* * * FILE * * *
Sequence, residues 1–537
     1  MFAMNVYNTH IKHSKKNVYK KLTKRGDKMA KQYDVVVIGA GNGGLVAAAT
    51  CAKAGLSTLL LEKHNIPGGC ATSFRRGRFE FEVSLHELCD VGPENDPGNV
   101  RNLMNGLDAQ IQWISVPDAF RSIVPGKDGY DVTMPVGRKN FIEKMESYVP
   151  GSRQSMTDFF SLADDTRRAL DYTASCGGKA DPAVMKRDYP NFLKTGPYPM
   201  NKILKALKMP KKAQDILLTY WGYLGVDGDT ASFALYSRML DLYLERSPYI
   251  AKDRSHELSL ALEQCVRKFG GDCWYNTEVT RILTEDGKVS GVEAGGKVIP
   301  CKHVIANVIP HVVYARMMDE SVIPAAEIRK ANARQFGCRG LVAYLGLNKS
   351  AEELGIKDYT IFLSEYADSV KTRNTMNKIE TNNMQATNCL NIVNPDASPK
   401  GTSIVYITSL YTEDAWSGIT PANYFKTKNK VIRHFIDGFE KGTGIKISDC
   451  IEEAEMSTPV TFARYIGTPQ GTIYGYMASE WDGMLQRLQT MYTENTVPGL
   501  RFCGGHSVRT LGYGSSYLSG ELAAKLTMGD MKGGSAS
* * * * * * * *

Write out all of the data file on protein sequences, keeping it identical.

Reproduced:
Sequence, residues 1–537
     1  MFAMNVYNTH IKHSKKNVYK KLTKRGDKMA KQYDVVVIGA GNGGLVAAAT
    51  CAKAGLSTLL LEKHNIPGGC ATSFRRGRFE FEVSLHELCD VGPENDPGNV
   101  RNLMNGLDAQ IQWISVPDAF RSIVPGKDGY DVTMPVGRKN FIEKMESYVP
   151  GSRQSMTDFF SLADDTRRAL DYTASCGGKA DPAVMKRDYP NFLKTGPYPM
   201  NKILKALKMP KKAQDILLTY WGYLGVDGDT ASFALYSRML DLYLERSPYI
   251  AKDRSHELSL ALEQCVRKFG GDCWYNTEVT RILTEDGKVS GVEAGGKVIP
   301  CKHVIANVIP HVVYARMMDE SVIPAAEIRK ANARQFGCRG LVAYLGLNKS
   351  AEELGIKDYT IFLSEYADSV KTRNTMNKIE TNNMQATNCL NIVNPDASPK
   401  GTSIVYITSL YTEDAWSGIT PANYFKTKNK VIRHFIDGFE KGTGIKISDC
   451  IEEAEMSTPV TFARYIGTPQ GTIYGYMASE WDGMLQRLQT MYTENTVPGL
   501  RFCGGHSVRT LGYGSSYLSG ELAAKLTMGD MKGGSAS